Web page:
So far this diary has been a bit thin on mentions of actual people – but they do exist here in Japan, and I’ve been hanging out with quite a few of them, primarily Miho (who’s my sponsor here and has helped me in all sorts of ways), her assistant and student, Mikako, and her ex-student Satomi. (Satomi and Mikako I met two years ago at a conference in Worcester, which is how I came to have this Japan connection in the first place.) I haven’t yet had occasion to photograph any of them, but if you’re interested here are Mikako and Miho at Miho’s house last year, and here I am with Satomi earlier the same day, enjoying a hanami picnic. Natsukashii indeed – for now the rainy season has arrived in water as well as words, and I write this to the free-style jazz tom-tom of heavy rain bouncing into an avant-garde architectural feature from the mid-1920s. Reminiscing, as is proper in these conditions, I reflect on the vagaries of fate, which made a wayward railway ticket machine in Newcastle-upon-Tyne its instrument to bring me to Japan. For, had said machine not double-charged Satomi for a ticket to the conference in Worcester, I wouldn’t have helped her get a refund over the phone; she wouldn’t have mentioned me to Miho, Miho wouldn’t have discovered our shared research interests, and so on. (The refund came through, too, just six months later - which is the real miracle.)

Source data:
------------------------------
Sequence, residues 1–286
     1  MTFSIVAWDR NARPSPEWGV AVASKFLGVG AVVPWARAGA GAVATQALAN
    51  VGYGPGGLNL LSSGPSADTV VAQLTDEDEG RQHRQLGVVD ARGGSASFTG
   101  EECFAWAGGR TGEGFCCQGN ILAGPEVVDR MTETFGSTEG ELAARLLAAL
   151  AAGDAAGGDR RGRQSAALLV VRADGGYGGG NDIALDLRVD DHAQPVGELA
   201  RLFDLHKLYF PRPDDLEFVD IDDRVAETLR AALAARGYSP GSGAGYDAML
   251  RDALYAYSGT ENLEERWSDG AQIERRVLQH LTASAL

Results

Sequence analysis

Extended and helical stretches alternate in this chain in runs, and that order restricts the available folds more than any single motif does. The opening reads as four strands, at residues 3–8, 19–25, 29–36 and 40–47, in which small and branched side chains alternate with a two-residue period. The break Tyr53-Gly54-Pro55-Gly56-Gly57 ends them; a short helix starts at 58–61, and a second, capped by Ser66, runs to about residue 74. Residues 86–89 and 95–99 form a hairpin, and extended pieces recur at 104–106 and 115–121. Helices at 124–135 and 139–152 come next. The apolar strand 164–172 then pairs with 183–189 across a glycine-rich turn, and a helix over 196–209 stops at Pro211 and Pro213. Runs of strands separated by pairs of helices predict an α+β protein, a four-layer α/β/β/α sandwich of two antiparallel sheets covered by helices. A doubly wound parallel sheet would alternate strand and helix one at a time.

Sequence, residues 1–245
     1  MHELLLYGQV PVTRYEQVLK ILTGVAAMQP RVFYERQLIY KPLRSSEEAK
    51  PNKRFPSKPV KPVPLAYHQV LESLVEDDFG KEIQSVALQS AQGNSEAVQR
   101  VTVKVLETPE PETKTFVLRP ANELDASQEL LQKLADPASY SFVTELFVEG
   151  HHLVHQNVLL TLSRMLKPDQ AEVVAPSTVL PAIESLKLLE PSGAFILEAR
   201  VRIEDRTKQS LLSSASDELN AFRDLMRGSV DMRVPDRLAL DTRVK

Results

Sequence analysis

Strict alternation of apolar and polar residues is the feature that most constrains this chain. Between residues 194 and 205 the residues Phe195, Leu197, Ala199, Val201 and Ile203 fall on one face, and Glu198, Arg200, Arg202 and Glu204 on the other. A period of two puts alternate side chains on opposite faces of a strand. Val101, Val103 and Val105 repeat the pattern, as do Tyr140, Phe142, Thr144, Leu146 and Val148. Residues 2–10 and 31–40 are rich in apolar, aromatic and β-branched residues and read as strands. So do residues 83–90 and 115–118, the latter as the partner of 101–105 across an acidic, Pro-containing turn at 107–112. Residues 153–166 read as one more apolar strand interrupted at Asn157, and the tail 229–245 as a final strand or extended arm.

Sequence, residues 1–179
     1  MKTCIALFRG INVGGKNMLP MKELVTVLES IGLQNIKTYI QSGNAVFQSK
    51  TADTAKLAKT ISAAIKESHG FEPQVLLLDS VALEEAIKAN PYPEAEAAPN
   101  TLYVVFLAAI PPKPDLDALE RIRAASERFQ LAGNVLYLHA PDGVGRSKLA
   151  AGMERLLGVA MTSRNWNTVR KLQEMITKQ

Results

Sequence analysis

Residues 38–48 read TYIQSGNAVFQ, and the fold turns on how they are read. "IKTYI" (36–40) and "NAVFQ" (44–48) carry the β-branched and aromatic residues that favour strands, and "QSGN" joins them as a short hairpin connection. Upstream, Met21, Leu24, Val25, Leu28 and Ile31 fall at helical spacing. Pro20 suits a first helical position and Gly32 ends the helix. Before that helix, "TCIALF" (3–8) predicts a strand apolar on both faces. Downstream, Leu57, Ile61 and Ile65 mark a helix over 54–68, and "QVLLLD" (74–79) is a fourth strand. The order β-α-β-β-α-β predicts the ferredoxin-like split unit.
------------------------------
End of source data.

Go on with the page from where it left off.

Unlike my previous visits to Japan, this isn’t simply a tourist trip. For the first three weeks, at least, I’ve several jobs to get on with – so I suppose I won’t be blogging the days when I just sit in my room or Miho’s office preparing lectures or comparing The Borrowers with the UK and US dubs of Arrietty (my task of the moment). So far, I haven’t visited a single shrine or temple. Still, even ordinary life comes with its fair share of firsts. I’m enjoying listening to Japanese radio, and I’ve finally mastered the art of opening an onigiri with aplomb. Meanwhile, this is a view of my home as seen from Miho’s sixth-floor office:

DSC00077

If you have a machete, feel free to hack your way through to my front door and say Hello!

On Saturday I made a trip to Shinjuku – only twenty minutes on the tube, but a world away, in the the privy chamber of Tokyo’s pumping heart. This was where I’d spent my first ever day in Japan, mostly getting lost in Shinjuku station (the world’s busiest, or so I’ve read). This time, as an old Japan hand, I only had to stop and ask directions twice before I found my way to the Keio Department store. I was there to have tea with Yasuka, whom I’d met at Clémentine Beauvais’s York conference back in May. We had a good chat (where I was pleased to find a natural occasion to slip in the expression “kuuki wo yomenai”, which I’d been dying to do for some time); but here I’d like to record a culinary first: kakigoori (or shaved ice). It’s very much a summer treat, so I’d not had the chance to eat it on my previous visits, which were in spring. I went for matcha flavour, tricked out with adzuki beans. Yummy to eye and tongue alike:

Kakigoori

(It has to be said that Yasuka’s choice was pretty lush, too.)

Yasuko Shirasu in Keio Depaato, 24 June 2017